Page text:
Three Women Arrested in I-40 Protest That Caused 10-Mile Traffic Backup
Raleigh, NC – Three protesters were arrested yesterday during a “slow roll” protest along Interstate 40 through Raleigh, NC that resulted in a 10-mile traffic backup.
A group of protesters calling for the defunding of the Raleigh Police Department demonstrated on Wednesday morning and brought traffic to a crawl along a stretch of I-40.
The protest was dubbed the “Young Americans Protest” and began at 8:46 a.m. in observance of the 8 minutes and 46 seconds Officer Derek Chauvin kneeled on George Floyd’s neck.
Multiple local news outlets with reporters on the scene said “hundreds” of motorists participated by slowing their vehicles down to 10 m.p.h. while traveling in the westbound lanes.
The theme of the protest was “Slow Down to Stop Racism,” according to CBS 17.
While it is unclear if interfering with interstate commerce and impeding the flow of traffic will accomplish the group’s stated goals, what is clear is they were successful in creating a traffic nightmare.
Officials with the North Carolina Highway Patrol (NCHP) said the protest resulted in a 10-mile traffic backup.
During the course of the demonstration, NCHP pulled over and arrested three motorists.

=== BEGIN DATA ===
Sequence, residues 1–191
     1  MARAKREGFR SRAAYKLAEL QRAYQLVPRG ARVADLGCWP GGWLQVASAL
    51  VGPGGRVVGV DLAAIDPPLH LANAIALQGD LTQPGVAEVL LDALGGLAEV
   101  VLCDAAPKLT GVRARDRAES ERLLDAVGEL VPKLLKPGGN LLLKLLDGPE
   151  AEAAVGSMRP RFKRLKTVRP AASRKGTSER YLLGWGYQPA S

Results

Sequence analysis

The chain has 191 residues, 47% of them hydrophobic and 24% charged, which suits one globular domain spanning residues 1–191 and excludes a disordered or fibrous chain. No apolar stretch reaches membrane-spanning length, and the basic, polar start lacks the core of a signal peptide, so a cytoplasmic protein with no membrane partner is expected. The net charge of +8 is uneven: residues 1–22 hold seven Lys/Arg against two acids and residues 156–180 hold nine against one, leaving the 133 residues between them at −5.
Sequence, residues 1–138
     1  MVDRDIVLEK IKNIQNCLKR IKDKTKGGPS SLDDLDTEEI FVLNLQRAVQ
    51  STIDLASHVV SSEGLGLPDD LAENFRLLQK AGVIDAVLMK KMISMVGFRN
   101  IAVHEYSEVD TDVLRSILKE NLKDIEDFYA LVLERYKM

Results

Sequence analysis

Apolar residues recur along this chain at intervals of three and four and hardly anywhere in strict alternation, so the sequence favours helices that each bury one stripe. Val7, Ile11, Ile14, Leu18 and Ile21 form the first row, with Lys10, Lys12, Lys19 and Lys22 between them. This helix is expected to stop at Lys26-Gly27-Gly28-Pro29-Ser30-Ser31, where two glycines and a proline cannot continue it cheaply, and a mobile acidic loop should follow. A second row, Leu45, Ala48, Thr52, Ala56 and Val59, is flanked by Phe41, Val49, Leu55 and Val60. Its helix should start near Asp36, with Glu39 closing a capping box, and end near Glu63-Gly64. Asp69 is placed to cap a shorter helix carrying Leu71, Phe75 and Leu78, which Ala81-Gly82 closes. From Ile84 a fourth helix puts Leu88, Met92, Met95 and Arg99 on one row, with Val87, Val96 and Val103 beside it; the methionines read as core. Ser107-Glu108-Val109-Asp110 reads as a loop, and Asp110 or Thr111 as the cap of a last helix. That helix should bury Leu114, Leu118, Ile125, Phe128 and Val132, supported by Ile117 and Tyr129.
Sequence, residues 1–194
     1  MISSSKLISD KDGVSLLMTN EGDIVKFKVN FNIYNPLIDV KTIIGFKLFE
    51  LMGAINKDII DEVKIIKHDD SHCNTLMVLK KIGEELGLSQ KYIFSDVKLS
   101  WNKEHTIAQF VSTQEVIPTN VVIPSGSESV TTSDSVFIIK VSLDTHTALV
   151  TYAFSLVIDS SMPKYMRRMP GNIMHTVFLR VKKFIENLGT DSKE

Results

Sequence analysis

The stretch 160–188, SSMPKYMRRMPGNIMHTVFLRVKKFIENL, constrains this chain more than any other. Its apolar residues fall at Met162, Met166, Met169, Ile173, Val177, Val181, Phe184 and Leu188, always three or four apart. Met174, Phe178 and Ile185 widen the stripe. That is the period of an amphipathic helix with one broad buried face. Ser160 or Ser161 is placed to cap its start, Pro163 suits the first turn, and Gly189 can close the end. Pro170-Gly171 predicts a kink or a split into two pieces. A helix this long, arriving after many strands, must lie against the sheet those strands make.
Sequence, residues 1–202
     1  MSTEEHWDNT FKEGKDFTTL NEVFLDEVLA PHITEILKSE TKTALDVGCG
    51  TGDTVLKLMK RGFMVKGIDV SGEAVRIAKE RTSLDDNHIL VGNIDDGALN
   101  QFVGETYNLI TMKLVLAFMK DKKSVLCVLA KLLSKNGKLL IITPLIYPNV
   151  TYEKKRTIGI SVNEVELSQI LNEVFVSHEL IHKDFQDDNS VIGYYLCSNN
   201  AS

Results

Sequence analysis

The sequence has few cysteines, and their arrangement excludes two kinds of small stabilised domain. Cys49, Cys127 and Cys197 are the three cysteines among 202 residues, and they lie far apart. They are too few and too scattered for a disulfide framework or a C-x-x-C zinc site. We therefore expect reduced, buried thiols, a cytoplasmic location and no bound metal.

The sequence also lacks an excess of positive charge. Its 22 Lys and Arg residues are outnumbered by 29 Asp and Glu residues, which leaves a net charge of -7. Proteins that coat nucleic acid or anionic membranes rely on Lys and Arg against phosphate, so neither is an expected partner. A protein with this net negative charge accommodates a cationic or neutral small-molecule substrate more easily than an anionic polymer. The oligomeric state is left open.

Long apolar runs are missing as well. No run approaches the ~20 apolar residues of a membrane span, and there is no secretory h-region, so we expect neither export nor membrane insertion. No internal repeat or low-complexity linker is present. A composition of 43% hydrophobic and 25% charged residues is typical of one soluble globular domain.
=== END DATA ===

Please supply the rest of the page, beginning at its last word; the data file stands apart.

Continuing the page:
The NCHP identified three women, Rachel Jones, 35, of Carrboro; Kristina Breneman, of Raleigh; and Taari Coleman, 27, of Raleigh, and charged them each with careless and reckless driving and impeding traffic.
Video from the scene reveals NCHP stopped the flow of traffic completely for a few minutes in order to safely apprehend the female protesters.
The protest lasted until until approximately 9:30 a.m., but officials said traffic remained backed up for quite some time.
“This morning’s protest on one of our state’s major thoroughfares placed motorists in needless danger,” Colonel Glenn McNeill of the NCHP said following the protest, according to WRAL. “The actions demonstrated by the protesters involved increased the probability for collisions to occur, potentially resulting in serious injury or death.”
No collisions were reported.
Truckers and many motorists continue to express frustration about protesters blocking and impeding interstates and bridges, yet such demonstrations continue to be planned in cities across America.
Despite laws making the interference of interstate commerce a federal crime punishable by up to 20 years in prison, the U.S. Department of Justice (DOJ) has yet to prioritize cracking down on this growing trend.